Python Data Structures



In Python we have 4 built-in data structures. You have probably heard of lists and dictionaries (the two most common data structures), but we also have sets and tuples.  A data structure is a way for us to store an arbitrary number of elements or values into a variable, sometimes directly and sometimes indirectly.


Below you will see a quick declaration/assignment of a list.

cars = ["telsa", "ford", "toyota", "honda"]

Notice how we declare our variable cars, and then use square brackets to denote that this will be a list. Afterwards we directly added 4 vehicles, but we should be aware that we can add as many vehicles as or as few vehicles as we want. There is also another way to declare a list, but it differs from using square bracket notation in that it has different functionality.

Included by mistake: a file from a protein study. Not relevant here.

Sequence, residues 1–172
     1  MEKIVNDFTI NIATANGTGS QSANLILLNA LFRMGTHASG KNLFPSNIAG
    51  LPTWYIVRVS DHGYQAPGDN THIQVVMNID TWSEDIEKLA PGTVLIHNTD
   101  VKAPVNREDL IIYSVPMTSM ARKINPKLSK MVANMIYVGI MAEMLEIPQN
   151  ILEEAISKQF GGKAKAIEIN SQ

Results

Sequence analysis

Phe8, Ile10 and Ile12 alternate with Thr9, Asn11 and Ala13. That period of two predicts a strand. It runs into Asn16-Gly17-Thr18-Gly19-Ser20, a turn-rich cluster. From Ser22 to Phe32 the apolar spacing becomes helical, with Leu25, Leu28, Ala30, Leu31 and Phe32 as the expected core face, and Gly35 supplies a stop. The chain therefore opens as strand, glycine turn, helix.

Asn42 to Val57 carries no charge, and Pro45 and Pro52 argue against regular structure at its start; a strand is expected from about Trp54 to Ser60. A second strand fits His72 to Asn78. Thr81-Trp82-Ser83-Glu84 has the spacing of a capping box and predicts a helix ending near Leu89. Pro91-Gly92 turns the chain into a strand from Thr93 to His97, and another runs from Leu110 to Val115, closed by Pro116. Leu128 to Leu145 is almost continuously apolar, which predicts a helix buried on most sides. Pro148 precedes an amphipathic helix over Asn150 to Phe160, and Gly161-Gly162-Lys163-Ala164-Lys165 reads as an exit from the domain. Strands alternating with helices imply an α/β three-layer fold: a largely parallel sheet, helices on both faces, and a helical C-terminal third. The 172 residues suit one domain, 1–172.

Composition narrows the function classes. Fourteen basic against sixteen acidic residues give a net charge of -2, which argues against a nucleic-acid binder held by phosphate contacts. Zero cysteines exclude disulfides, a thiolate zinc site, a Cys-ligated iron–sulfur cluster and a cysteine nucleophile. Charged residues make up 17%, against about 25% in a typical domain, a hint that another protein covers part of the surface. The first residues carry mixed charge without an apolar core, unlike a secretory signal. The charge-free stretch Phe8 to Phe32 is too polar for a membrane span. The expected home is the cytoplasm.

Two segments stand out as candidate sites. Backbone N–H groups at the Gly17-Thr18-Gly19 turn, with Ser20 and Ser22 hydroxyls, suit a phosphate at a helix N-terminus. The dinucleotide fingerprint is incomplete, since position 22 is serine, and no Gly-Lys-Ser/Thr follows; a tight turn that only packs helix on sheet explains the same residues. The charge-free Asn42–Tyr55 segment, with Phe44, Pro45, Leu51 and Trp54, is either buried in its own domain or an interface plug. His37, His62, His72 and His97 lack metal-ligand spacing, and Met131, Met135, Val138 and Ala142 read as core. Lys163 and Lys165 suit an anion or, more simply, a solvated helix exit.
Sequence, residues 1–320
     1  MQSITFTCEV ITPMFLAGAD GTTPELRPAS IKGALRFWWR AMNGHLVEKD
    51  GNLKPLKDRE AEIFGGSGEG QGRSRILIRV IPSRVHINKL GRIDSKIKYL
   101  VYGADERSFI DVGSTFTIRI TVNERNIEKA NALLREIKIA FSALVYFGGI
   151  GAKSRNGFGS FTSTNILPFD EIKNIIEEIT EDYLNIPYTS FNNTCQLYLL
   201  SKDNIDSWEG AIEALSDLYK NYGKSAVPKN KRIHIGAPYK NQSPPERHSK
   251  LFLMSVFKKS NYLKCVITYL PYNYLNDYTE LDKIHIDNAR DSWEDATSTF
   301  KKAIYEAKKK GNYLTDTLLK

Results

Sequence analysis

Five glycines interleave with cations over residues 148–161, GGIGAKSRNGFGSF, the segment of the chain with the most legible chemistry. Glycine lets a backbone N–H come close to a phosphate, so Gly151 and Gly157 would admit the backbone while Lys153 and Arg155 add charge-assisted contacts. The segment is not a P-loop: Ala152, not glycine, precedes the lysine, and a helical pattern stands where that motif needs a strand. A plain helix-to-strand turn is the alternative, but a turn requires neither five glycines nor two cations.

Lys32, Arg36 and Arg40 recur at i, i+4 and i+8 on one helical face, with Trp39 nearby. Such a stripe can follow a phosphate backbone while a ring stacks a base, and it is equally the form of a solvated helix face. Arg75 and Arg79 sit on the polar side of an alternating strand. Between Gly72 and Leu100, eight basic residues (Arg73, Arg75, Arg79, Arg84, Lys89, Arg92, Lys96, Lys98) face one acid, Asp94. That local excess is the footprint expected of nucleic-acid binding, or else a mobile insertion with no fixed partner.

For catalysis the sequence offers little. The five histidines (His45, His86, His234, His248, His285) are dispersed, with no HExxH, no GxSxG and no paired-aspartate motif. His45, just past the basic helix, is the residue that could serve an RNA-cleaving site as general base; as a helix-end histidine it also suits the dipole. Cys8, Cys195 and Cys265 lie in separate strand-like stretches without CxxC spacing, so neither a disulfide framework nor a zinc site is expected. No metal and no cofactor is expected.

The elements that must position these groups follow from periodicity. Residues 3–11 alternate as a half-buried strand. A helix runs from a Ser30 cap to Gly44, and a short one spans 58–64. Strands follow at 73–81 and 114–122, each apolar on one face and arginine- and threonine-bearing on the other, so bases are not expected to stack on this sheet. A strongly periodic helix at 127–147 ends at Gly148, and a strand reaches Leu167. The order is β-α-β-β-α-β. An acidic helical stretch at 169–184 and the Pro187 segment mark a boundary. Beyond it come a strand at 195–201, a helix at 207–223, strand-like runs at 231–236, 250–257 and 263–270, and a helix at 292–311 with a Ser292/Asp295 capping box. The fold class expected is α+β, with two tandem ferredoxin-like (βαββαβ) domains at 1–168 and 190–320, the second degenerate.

"""Another way to declare a list"""
cars2 = list()

In the second method we are using a constructor to declare a list. However, this way is much better suited for type casting an already existing iter-able object (or an object/data type that can be iterated through). The elements or values in this list all must have a location for Python to properly work with them. Just like strings, lists have an index, starting from 0 that represents an element position in the structure. The element “tesla” lives at index 0, “ford” at index 1, “toyota” at index 2, and “honda” at index 3. This does not change the length of the list in anyway, the list remains at a length of 4. So to work with lists indirectly, we can use methods (behaviors that belong to a specific data type/object).

fruits = ["apple", "pear", "kiwi"]  # Declaring the list

# this selects then prints index 0 or the "apple"

 # this adds an element to the end of a list
# this removes a specified element and permanently throws it away 
# this method also removes an element but saves it for us to use (popping the "apple" out)